Greener Power Projects for the Belt & Road Initiative (BRI) – NRDC
China's "Belt and Road" initiative is designed to create a new Silk Road across Asia and Europe. Five year into the programme, the Chinese Government has faced criticism for a lack of investment in renewable and green projects along the route. As the latest BRI Forum takes place, Han Chen looks at the current state of green investments and asks what more could be done.
CBS News poll: Growing number of Americans think environment will be worse for next generation – CBS News
According to the latest poll from CBS News, over 60 per cent of Americans think the environment will be worse for the next generation. The poll also shows less than two thirds of Americans think Climate Change is a human phenomenon, with 22 per cent placing the blame on nature and 7 per cent denying there is any change. There are strong indicators that politics might determine these views, though whether that is responding to messages from these parties or naturally aligning with them isn't established.
Planning row in Kerry over renewable energy station – Irish Examiner
Conflict between small-scale renewables and local communities have been high-lighted by a development in Ireland. Expansion plans for an anaerobic digestion plant in Kerry have been approved by the County Council, but local residents are continuing to fight to block the development. The process creates methane rich gas and fertiliser by reacting waste. Concerns have arisen about the potential smell, noise and road safety as all waste has to be shipped in and the plant is located near a school.
Samoa 2019 announces move to go single-use plastic free for Pacific Games – Inside The Games
Aiming to set a standard for others to follow, Samoa has announced a crack-down on single-use plastics at the forthcoming Pacific Games. Instead of single-use water bottles, the games will use a UV based filtration system to provide cleaning drinking water. Other events, such as clean-up days, will also be used to promote the Samoan games as "plastic free".
Breakthrough process lets researchers turn Carbon Dioxide back into Coal – Fanatical Futurist
Researchers at RMIT in Melbourne, Australia, claim they've found a way to turn CO2 into a solid carbon form. Current extraction methods rely on turning the gas into a liquid for storage or reuse, or using high temperatures to cook it back into a solid. The RMIT researchers used a specially designed chemical to trap the carbon into flakes, offering the potential for the method to be commercially viable at scale. Although the carbon could be reused as fuel, the solid has good conductive properties, opening the possibility of using it as a "super capacitor" to power electric vehicles.
KawiSafi raises $70 million to expand East African solar off grid – Afrik 21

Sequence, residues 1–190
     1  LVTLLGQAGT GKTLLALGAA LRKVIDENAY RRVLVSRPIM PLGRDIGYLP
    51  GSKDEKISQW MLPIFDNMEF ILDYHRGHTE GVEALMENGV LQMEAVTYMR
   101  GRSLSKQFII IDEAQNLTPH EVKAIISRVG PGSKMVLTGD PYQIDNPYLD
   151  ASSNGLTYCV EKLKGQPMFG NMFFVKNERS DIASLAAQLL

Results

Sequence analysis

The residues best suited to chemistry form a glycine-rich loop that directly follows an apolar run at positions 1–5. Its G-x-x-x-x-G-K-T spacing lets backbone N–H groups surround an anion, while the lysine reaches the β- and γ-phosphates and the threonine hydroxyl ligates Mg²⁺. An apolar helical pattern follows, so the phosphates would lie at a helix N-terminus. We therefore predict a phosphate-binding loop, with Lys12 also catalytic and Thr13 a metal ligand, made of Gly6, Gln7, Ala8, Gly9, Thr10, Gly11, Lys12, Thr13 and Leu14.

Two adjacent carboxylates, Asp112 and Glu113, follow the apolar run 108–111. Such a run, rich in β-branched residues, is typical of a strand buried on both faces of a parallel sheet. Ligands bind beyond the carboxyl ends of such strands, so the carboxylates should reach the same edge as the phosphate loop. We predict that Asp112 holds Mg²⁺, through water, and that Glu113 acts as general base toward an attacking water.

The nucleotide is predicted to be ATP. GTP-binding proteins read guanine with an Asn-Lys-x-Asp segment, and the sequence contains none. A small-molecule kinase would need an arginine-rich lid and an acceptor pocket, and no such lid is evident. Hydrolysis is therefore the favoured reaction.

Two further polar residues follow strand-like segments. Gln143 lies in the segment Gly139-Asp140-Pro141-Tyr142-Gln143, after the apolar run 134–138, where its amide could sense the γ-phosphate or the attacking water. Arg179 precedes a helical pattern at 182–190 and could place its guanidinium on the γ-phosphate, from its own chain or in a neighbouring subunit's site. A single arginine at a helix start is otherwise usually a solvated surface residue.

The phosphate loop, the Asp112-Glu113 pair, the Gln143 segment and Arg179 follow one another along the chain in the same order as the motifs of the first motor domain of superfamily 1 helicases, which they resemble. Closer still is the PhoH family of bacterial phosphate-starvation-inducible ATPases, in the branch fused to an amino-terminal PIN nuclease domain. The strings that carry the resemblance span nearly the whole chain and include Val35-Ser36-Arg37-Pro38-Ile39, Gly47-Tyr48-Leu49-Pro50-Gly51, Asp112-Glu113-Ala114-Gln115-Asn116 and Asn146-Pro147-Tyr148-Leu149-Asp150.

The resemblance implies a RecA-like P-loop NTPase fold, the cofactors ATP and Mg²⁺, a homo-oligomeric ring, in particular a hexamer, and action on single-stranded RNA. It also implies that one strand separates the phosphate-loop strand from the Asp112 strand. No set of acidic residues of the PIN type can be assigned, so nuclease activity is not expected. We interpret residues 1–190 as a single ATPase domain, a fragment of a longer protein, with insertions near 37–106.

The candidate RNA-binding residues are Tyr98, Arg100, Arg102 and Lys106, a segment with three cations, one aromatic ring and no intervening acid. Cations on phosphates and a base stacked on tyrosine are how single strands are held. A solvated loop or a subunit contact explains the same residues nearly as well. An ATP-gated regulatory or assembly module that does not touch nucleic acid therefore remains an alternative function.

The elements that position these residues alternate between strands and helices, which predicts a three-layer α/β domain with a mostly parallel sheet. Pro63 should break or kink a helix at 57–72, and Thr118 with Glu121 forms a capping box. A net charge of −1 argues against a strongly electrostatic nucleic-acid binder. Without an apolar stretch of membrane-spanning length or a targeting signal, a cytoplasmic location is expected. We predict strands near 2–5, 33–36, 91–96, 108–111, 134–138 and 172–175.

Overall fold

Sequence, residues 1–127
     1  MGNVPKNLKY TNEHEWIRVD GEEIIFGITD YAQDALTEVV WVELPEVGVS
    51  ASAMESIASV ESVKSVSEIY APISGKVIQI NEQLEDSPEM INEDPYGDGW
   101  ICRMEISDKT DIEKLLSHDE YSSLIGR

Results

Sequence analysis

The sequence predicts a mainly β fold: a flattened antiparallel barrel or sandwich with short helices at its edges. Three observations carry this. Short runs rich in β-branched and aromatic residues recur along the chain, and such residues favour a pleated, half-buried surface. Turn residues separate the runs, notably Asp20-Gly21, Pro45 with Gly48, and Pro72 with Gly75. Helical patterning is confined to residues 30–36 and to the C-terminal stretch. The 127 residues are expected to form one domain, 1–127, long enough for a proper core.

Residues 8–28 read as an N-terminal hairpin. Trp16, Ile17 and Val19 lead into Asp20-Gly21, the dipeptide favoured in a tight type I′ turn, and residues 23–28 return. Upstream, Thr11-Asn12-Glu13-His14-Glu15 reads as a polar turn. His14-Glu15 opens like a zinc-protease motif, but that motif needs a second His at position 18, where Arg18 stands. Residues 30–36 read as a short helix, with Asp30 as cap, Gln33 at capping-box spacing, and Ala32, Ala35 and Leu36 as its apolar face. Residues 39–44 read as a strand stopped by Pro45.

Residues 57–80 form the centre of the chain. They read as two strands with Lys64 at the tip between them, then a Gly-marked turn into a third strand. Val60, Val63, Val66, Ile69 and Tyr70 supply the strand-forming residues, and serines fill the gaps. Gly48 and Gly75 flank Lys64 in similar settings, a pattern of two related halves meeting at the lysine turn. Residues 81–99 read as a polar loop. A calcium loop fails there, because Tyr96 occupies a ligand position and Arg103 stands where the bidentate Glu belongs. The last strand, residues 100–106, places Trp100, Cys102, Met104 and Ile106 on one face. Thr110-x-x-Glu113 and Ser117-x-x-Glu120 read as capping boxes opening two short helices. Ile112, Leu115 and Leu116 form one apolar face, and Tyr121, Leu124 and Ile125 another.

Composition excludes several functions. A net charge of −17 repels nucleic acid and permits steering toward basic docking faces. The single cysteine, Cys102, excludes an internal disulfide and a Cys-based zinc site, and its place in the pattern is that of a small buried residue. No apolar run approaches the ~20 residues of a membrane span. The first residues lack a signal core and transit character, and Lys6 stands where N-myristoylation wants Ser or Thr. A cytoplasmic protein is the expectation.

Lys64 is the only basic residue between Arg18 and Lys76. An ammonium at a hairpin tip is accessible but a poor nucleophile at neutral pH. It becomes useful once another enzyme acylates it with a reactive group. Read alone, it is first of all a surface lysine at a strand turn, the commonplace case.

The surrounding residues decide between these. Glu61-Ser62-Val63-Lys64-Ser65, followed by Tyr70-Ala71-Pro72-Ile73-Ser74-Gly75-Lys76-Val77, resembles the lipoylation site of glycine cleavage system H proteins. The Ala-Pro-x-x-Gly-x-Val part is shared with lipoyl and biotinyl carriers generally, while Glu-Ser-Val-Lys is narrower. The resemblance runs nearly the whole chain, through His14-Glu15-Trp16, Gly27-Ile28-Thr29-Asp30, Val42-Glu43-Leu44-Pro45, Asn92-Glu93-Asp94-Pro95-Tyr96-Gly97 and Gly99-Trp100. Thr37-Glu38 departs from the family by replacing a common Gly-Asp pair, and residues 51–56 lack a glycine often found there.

Building on $20 million already invested, investment fund KawiSafi has made available another $70 million for projects in East Africa. The region is seen as having good growth potential for renewables, as well as offering halo effects as infrastructure and quality of life improves. KawiSafi ("Clean Energy" in Swahili) aims to bring electricity to 100 million people.
Eskom’s failing refocuses spotlight on renewable energy – Mining Review
As the South African power generator faces possible collapse, attention is turning to how to keep the lights on. The country gets over 3,000 hours of sun each year, throwing attention onto solar power. But efforts to build solar farms and install panels on roofs have so far been lacklustre, held back by a lack of regulatory reform and incentives. If Eskom fails, this could change.
UK runs for nearly 4 days without coal – @UK_Coal
According to a tweet from UK_Coal, the UK ran coal-free for almost 91 hours over the Easter Weekend. Coal fired stations are being decommissioned, and this milestone is seen as another step on the path to removing them completely from the National Grid. However, as coal fired stations can take days to restart, this doesn't mean they were inactive over the weekend and they would have still been burning fuel.
Can Lebanon’s cedars outlive climate change and a pesky insect? – Al Jazeera
For millennia, Lebanon's distinctive Cedar trees have provided building materials to the Mediterranean. Deforestation has taken a dramatic toll, and less than 1 per cent of her original forests are left (barely 17 square kilometres). While climate change drives the trees to higher altitudes in search of favourable conditions, the sawfly has expanded, feeding on the tree's needles and further reducing stocks. Weak governments and failed reforestation programmes have brought the species close to extinction, but could renewed efforts bring hope to the ancient Cedar?
Barry Island beach rubbish cleaned up by frustrated residents – BBC News
The Welsh seaside town has been blighted with waste on its beaches. Residents finally decided to take matters into their own hands, mounting patrols to collect rubbish from the sands. Amongst their findings: plastic bags, nappies and sanitary towels.